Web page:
More patients quitting smoking as prevalence falls to one in seven

Official data showing that smoking prevalence has fallen in recent years shows doctors' efforts to get patients to quit 'are working', the Royal College of Physicians (RCP) has said.

Prevalence of smoking has fallen by almost a quarter since 2010, dropping from 19.9% to 15.5% of adults over 18 in 2016, official statistics show.

Prevalence fell most in younger age groups, dropping by seven percentage points in 18-24 year olds and five percentage points in 25-34 year olds. It fell the least in patients aged 65 or over, by three percentage points.

Smoking is now thought to cause 4% of all hospital admissions, with over a quarter (27%) of hospital admissions being for conditions that can be caused by smoking.

Smoking rate

In the latest UK statistics on deaths, from 2015, around 79,000 were considered to be due to smoking – some 16% of all deaths.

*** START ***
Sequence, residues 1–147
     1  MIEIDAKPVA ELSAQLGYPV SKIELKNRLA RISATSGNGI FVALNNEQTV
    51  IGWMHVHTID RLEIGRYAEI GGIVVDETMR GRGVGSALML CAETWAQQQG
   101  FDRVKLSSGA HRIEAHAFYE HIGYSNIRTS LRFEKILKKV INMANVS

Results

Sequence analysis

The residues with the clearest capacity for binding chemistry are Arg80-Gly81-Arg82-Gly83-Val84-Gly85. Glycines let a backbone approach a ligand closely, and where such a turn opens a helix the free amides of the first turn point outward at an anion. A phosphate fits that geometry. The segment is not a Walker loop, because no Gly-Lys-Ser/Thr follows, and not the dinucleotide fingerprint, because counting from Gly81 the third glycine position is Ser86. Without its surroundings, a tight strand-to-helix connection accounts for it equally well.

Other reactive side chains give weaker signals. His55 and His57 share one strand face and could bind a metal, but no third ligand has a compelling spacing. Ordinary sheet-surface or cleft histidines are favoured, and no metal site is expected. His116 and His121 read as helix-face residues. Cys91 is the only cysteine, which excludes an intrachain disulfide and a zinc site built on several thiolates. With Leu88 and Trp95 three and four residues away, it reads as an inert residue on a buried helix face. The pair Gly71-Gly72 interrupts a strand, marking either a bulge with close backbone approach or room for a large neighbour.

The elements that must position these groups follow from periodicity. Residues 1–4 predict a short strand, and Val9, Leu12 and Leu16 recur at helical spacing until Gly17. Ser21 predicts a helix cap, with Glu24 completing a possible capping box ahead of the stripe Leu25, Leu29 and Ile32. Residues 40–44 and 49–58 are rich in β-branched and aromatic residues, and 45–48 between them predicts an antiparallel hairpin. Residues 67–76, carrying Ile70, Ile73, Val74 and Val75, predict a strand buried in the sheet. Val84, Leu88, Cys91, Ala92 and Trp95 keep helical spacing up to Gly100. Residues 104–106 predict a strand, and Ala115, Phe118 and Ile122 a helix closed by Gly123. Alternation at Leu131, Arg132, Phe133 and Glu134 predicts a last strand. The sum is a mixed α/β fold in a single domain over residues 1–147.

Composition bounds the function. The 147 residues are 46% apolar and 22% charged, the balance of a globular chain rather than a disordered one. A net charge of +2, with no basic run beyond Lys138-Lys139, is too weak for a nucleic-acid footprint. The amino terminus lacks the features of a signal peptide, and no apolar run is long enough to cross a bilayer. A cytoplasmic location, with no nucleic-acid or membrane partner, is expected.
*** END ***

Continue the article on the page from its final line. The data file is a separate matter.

Over a third of deaths due to respiratory disease were estimated to be attributable to smoking, alongside half of deaths from cancers linked to smoking.

Presented in an NHS Digital report, the data show e-cigarette use rose over the last year to 2.4m users, around 5% of the adult population. Prevalence among 16-24 year olds particularly increased, from 2% in 2015 up to 6%.

RCP president Professor Jane Dacre said: ‘The RCP welcomes these latest data demonstrating a significant further fall in smoking prevalence among UK adults.

Quitting smoking

‘Over the past 10 years the RCP has championed the use of harm reduction approaches for smokers who are unwilling or otherwise unable to quit smoking.

‘These latest figures, the latest in a series of substantial falls in smoking prevalence over the past few years, tell us that this and other UK approaches to tobacco control are working.

‘We should continue to develop and exploit harm reduction for public health gain, and encourage as many smokers as possible to either quit altogether, or else switch to a low risk product.’

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